Are We Nearing Web 3.0? No Clear Definition, Yet

For whatever reason, it’s very popular to assign labels to the latest versions of the internet. As soon as software developers began to use the web for more social purposes in the early 2000s, they were quick to slap the “Web 2.0” tag onto it all, and it really caught on with the public.

Not all experts, however, agree that these developments represent a significant change at all, mostly because the vision of the web was of a social, collaborative medium from the start. Tim Berners-Lee, inventor of the World Wide Web, referred to the term as a “piece of jargon.” In practice, Web 2.0 contrasts significantly with a 2.0 version of a software program, for example, because that represents specific technological advancements. In the case of the World Wide Web, the exact same technology is being used, albeit with new applications.

Despite these feelings over assigning it a strict label, Web 2.0, developments such as blogs, wikis, streaming media and folksonomies are undoubtedly giving us incredible new ways to share and consume information.

But are we nearing the next step: Web 3.0?

This is where it gets pretty complicated, because Web 3.0 carries a variety of different definitions, some of them rather contradictory.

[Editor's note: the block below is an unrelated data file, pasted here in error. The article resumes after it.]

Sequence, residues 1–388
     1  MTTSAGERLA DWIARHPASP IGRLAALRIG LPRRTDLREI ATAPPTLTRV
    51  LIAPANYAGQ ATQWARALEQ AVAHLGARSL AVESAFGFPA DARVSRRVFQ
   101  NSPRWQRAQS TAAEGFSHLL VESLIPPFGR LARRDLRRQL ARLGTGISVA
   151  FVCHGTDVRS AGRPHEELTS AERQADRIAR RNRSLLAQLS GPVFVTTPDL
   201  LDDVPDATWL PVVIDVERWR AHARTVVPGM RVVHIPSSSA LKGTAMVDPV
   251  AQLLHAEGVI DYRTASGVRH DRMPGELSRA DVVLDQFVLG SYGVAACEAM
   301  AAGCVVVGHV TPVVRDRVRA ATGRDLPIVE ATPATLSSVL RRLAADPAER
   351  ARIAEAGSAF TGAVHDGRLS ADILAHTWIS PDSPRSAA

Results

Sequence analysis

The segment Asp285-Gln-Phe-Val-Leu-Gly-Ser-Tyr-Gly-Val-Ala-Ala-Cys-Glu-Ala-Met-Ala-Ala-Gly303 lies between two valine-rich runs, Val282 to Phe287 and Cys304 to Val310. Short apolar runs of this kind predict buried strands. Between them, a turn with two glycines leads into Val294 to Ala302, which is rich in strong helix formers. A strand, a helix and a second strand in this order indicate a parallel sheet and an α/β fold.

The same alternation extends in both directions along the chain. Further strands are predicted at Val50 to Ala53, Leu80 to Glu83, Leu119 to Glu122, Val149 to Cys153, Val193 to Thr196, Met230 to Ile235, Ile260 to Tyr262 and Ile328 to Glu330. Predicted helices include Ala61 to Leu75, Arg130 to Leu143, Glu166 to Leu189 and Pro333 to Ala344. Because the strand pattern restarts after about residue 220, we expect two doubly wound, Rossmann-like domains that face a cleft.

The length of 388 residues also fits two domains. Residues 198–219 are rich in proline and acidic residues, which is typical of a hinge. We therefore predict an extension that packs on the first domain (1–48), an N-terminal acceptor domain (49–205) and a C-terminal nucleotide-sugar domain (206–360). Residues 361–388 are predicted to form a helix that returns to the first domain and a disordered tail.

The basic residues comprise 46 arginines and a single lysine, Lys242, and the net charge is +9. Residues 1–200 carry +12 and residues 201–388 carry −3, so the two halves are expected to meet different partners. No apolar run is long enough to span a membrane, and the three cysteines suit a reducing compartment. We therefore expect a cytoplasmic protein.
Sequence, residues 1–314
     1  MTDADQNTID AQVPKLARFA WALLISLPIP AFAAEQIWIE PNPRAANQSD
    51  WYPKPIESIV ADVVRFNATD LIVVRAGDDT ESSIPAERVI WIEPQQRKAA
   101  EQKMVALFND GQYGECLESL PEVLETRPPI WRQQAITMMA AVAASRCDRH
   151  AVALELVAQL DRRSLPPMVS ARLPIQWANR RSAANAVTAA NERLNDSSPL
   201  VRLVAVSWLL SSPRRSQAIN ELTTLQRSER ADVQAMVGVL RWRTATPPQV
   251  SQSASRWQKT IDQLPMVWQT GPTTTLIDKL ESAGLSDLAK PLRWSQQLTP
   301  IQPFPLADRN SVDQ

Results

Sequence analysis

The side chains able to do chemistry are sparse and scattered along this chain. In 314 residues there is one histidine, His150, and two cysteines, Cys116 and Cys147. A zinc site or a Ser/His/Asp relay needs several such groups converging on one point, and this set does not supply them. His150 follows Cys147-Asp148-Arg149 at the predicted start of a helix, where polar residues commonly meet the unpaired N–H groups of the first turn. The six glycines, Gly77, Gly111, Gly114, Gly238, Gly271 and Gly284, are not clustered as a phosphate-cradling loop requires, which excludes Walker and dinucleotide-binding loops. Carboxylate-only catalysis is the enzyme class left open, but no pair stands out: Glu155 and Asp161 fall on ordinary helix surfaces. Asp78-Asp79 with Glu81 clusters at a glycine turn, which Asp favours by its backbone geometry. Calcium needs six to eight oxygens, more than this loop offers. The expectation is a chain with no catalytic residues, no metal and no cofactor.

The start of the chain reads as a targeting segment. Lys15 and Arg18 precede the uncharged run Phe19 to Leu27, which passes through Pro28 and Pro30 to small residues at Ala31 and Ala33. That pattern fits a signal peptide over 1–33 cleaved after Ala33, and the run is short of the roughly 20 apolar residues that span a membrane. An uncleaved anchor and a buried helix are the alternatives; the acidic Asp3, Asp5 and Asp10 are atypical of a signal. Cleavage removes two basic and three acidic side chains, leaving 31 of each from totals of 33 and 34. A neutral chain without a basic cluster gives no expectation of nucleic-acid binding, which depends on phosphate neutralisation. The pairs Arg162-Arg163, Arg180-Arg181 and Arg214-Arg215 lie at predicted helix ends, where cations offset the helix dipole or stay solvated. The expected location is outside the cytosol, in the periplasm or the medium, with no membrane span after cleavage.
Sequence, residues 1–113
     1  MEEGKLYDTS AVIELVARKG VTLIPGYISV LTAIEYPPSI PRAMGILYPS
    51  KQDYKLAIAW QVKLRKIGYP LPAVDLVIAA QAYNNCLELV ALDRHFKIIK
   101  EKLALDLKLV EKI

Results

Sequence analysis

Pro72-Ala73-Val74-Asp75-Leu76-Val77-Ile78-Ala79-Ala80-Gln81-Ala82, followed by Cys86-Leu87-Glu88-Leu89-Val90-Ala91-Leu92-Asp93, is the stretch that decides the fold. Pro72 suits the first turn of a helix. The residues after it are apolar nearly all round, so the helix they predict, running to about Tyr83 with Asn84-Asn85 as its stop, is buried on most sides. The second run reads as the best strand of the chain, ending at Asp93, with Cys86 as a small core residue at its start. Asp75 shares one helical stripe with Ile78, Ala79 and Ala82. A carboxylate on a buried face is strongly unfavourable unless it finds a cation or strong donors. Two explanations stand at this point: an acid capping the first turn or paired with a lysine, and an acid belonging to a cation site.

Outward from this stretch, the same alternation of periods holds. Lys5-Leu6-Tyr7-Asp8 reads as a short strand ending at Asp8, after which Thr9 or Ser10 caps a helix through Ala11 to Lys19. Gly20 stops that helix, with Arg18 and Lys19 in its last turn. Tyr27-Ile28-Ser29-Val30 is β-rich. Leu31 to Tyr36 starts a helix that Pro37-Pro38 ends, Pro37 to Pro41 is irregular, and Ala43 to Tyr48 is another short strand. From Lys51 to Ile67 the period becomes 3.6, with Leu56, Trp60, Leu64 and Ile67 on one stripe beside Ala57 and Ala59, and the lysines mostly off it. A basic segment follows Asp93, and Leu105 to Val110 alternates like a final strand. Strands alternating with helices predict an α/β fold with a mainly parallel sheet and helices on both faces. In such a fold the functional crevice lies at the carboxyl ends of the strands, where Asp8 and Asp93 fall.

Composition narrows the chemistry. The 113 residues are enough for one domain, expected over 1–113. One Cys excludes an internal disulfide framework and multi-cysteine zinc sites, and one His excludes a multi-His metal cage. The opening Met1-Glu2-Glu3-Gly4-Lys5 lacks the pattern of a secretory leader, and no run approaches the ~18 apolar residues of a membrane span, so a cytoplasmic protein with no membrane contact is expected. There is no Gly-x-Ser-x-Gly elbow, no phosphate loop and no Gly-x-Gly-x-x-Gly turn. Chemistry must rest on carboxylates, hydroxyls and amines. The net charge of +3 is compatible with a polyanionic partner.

Some think that Web 3.0 will harness the same power that was introduced in Web 2.0 but mark a return to expert authority. One of the major problems with the Web 2.0 model was that since everyone has the power to voice their opinion, there is a lower incentive for experts to contribute. There are already a variety of projects in progress that would better account for this.

Others think that Web 3.0 will be marked by improved TV capabilities of laptops, tablet computers and even smartphones which will spell the end of television. This is certainly a trend we have already started to see and will undoubtedly continue as we move forward.

Others think that the new algorithms as a result of semantic tagging will represent Web 3.0. No one, however, believes that this will be a quick or simple transition, as implementing these new standards on the entire web will be no easy task.

Overall, since there are still so many unanswered questions, we will simply have to wait and see.

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SWE Staff

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